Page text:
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Modeling and Texturing a Steampunk Pneumatic Rifle

Oleksandra Sokol discussed how she created a 3D weapon based on Anton Lavrushkin's The Order: 1886 fan art piece.


Hello! My name is Oleksandra, I am from Ukraine and I am a 3D Artist.  I create both characters and props for games. Currently, I am working at Edkon Games Gmbh.

I studied Software Engineering at the Kharkiv National University of Radio Electronics. When I was 19 years old, I saw how artists perform in ZBrush and fell in love with 3D. That’s where my journey began. I learned the basics of 3D modeling at 3dmaya.com and also finished the course “3D PRO. Game Environment Pipelines” at Artcraft in 2020. As a huge fan of the Dishonored series and its art style, I decided to choose Alexandria Hypatia's apartment as my graduation work.

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The Order: 1886 - Pneumatic Rifle Fan Art: Reference

I played The Order: 1886 and it inspired me to create one of the guns from it, so I started researching on ArtStation and found a wonderful concept by Anton Lavrushkin. When I saw it, I fell in love with it!

After choosing a concept, I created a task list in Microsoft To Do. I started to use To Do lists when I was working on a Dishonored scene because when you need to create a lot of stuff for a project it is better to actually see what you should do. The next step was to find references and images of similar guns, wood, damages, etc. For the reference board, I use PureRef.


And this is where the fun begins! I usually model in Maya but my pipeline is suitable for other 3D modeling programs as well. I start with placing a reference image, then create some big shapes, and after that – details. Usually, I work with mid poly meshes and then make low and high poly based on those. But with this model, I decided to have a mid poly. It is important at this stage not to rush and not to be afraid of deleting and starting over if you fail something. I also decide which parts should be symmetrical and which parts will be reused. If I have some booleans, I use ZBrush, then Dynamesh with Polish and Decimate. If my model needs just a chamfer on the edges, I use the Bevel tool. There are also some ornaments on the gun – they would be added in Substance Painter later.

Retopology and UVs

When the high poly is ready, I retopologize some parts that need it and create UVs. As you can see, my low poly is not so low. It is all right to have a wireframe like this for a portfolio piece but not for production.

I wanted to test RizomUV for this project, and I can say it's a really amazing program. If some of the parts are symmetrical, don’t forget to move them or you can get seams and errors on your bake.
Also at this stage, it is very important to remember one thing: every hard edge is a UV seam, but not every seam is a hard edge.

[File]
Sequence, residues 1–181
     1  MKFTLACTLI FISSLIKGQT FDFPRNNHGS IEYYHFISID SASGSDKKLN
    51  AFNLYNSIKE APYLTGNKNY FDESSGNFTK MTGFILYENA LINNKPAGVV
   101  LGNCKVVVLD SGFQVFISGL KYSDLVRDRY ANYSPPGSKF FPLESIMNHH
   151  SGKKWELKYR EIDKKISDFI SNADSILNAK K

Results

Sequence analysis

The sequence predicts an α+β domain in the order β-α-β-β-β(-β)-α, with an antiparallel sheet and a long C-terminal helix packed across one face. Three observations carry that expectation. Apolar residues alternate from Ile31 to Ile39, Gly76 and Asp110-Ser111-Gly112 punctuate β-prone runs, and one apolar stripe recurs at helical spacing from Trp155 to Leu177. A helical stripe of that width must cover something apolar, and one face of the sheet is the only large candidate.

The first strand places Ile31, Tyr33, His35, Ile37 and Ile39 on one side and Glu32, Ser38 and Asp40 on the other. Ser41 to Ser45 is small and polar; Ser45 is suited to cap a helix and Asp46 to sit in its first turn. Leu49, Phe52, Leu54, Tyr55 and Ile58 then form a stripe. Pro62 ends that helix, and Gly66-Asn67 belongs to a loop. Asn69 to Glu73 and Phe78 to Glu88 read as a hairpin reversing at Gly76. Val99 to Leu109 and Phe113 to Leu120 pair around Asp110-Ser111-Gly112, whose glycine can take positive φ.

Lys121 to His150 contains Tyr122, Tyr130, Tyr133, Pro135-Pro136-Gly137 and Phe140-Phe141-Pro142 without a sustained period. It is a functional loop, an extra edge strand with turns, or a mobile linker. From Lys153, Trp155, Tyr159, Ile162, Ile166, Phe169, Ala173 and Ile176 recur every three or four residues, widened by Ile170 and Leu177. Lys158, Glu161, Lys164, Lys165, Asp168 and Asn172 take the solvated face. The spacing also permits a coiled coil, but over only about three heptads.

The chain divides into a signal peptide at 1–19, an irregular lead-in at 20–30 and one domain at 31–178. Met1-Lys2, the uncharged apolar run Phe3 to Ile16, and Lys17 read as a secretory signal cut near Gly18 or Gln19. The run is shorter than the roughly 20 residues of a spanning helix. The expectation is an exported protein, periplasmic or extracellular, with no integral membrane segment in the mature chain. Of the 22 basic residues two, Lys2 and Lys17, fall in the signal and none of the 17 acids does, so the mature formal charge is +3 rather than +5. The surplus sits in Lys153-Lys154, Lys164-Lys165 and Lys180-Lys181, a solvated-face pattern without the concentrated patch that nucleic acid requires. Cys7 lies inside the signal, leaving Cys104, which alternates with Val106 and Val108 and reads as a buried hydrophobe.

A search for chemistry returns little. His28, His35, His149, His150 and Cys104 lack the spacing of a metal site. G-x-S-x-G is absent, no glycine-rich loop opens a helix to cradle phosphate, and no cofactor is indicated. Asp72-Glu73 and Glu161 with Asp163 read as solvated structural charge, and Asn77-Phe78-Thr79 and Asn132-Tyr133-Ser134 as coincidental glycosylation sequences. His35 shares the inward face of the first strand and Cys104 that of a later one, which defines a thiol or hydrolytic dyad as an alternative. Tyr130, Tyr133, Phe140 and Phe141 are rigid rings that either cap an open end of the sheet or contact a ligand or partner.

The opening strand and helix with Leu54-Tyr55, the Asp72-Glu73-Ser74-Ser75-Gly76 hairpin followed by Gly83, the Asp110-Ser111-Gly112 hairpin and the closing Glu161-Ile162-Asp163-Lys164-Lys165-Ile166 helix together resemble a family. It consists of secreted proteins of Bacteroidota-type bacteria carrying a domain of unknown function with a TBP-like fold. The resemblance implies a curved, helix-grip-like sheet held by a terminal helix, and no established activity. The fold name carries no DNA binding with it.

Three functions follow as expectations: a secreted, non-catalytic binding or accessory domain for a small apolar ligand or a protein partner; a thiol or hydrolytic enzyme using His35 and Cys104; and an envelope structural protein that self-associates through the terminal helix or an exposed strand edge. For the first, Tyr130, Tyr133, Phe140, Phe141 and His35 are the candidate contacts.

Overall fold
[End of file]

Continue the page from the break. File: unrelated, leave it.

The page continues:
I have two UVs, one for the gun and one for the scope. Now it’s time for baking. I usually use Marmoset Toolbag for it because it gives me nice results and it's fast. I bake Normal, Curvature, AO, Position, and Thickness. At first, I did a test bake to see if everything is ok and adjust the cage size on some of the meshes, and then baked in normal resolution.


I texture my models in Substance Painter. First of all, I added the ornaments and additional details, exported the Normal map only with them to Substance Designer, combined them with baked Normal, Curvature, and AO, and exported them back to Painter. I prefer this pipeline instead of using anchors. When I have a lot of details, I want everything to be visible on the maps (in order not to forget about them).

Then, I decided how many different materials I'd have: there are two types of wood, brass, a few metals. I already had some smart metal and wood materials, which I used as a base. I changed their colors and roughness, added dirt, rust, and damages, aged them, etc. Also for the Color map, I add a bit of baked environment  – this makes it more interesting.
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For rendering this gun I used Marmoset Toolbag 4. My render scene was created a long time ago, however, I am still using it for everything I've ever created. I have a sky with 3 directional lights on it and a back spotlight. In fact, my render settings are simple:

Then I decided at what angles I would render my gun and what'd be the color of the background. I took the background color from the concept and started rendering.

Also, I took a rendered a few small shots to capture more details and created two basic videos to demonstrate the gun from different sides.

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When you create something, it's great to share the progress with other people like colleagues, other artists, even family and friends. They can give you nice feedback on your artwork, so don't ignore them but analyze what you can get out of those pieces of advice. Also it’s also good to post your WIPs – I do it on Polycount.

For rendering 3D guns, I can recommend Emre Karabacak's article "Lighting and Rendering Guns in Toolbag". I created my own scene following this guide. Also, I usually watch Georgian Avasilcutei's streams, he is a great artist from whom you can always learn something new.

It’s very important to love what you do, so don't rush and enjoy the process!

Oleksandra Sokol, 3D Artist

Interview conducted by Arti Sergeev

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